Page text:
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The Belt Sander Grinder MkI

The following article is a composite of posts written on the Ubeaut woodwork forum from February 2005. The design was subsequently published in Fine Woodworking Magazine.

Here are a few pictures of my newly-completed Bench Sander Blade Grinder. I built this to repair or re-establish the bevels of chisel and plane blades. It is based on an inexpensive (OK, cheap Chinese copy) Carbatec bench sander.

The advantages of this jig are:

1. Firstly, it is cheaper than a Tormek (at 8 times the price).

2. It runs half the speed and therefore cooler than a Bench Grinder and you have to be a complete Klutz to burn a blade.

3. It is intended to grind a flat bevel and the set up for this takes a few seconds.

4. The 4” wide belt grinds the entire blade evenly (for a more even grind), unlike vertical wheels where you must move the blade across them.

If this set up looks simple, you should know that it is Mark 8! I went through several inspired failures until I pared the whole thing down to the basics above. Total cost was about $9 (for the chromed steel tool rest, which is a drawer pull). One aim was to permit a reproducible grind, another was to enable the belts to be changed easily, and a last was to set up the blade angles quickly. Most of this is self explanatory, but feel free to ask any questions.

Dimensions of the tool rest:

The bar is 9" long and overlaps the belt sander by 2-1/2" each side (the belt is 4" wide). It is 3" from the beginning of the end wheel's curve.

The jig is bolted onto the steel frame. I drilled and inserted steel insert threads into Jarrah blocks. These are bolted from the inside. See pic below. There is no need to get obsessional about these being level - it is more important to drill the depth of the guide rest holes accurately, which is easily done on a drill press after the Jarrah bases are attached.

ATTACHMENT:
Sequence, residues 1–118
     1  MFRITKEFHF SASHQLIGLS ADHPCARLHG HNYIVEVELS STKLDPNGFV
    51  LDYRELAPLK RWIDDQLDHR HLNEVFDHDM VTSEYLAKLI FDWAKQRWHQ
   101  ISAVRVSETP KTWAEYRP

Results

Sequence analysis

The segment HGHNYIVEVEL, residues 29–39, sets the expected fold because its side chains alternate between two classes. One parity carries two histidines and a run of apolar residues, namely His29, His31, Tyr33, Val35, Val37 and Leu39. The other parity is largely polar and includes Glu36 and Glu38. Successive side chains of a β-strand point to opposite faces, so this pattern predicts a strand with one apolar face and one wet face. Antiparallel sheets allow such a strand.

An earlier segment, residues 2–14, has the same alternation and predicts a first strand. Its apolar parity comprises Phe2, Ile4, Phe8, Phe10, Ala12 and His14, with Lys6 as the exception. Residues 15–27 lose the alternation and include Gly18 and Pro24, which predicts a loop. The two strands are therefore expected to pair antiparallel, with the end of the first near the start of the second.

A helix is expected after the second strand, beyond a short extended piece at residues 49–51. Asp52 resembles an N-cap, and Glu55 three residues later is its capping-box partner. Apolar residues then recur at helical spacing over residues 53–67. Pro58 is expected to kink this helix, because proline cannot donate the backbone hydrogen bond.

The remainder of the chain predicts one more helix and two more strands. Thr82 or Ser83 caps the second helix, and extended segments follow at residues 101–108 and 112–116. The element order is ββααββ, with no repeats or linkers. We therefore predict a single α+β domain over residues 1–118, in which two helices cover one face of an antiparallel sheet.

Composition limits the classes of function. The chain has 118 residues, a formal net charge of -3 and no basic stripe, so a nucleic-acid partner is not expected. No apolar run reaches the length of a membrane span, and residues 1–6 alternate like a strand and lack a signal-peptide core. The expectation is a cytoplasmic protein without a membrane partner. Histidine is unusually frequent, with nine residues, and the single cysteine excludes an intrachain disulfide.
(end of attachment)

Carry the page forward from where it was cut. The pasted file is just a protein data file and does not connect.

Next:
How to Grind

1. Simply, you are going to set the projection (length) of the blade beyond the front edge of the blade holder. The longer the projection, the lower the angle the bevel will be ground. Conversely, the shorter the projection, the higher the bevel angle that will be ground.

2. Build yourself a jig to set the length of the projection of the blade in the holder. One such jig is glued to the right hand corner of the grey base upon which the belt sander is attached. (This sets the projection for a 25 degree bevel. I have several others for other bevel angles). The jig is "L-shaped" (consisting of a "stop" and a "fence") to set depth and set the blade square in the holder.

(edit: I subsequently realised that the amount of projection of the blade is affected by the thickness of the blade. It is better, therefore to use a combination square to measure the length of the projection for different thicknesses and different angles. Make a list of these for reference when needed).

3. You are now in a position to move the blade holder to the tool rest and grind the blade.

Note that the blade bevel should be facing into the direction of the belt if you do it according to my model. This is not dangerous and, in fact, probably safer as it will (to some degree) push the blade down onto the belt. The blade is held very securely by the blade holder and tool rest.

In practice it really works extremely well and produces perfectly square and accurate bevels.

Don’t forget, this is only to grind the primary bevel, which can be anything between 80 - 240, depending on the state of the edge. Honing/sharpening is completed on Japanese waterstones. Between honings, a blade edge can be renewed by stropping. Below is a motorised stopping machine, the honing plate.

The Honing Plate

It consists simply of two sanding disks epoxied face-to-face, that is with the velcro sides on the outside. I glued a velcro kit to the belt sander's circular sander. The honing plate is pressed onto this. Start up the motor and cover the plate with Veritas green rouge. Then freehand the bevel against this. See the pictures below.

I tried it out on a few "tired" blades. They were rejuvenated to hair-popping sharpness! WOW!

I had also thought of building a rest for the blade, but this is unnecessary. It is a very easy job to hold the bevel at the correct angle (freehand) since honing is not about (much) metal-removal. Place the blade down heel-first, and then rotate it until it is flat on the plate.

Just remember to hone with the turn. It only requires a couple of seconds.

Regards from Perth


February 2005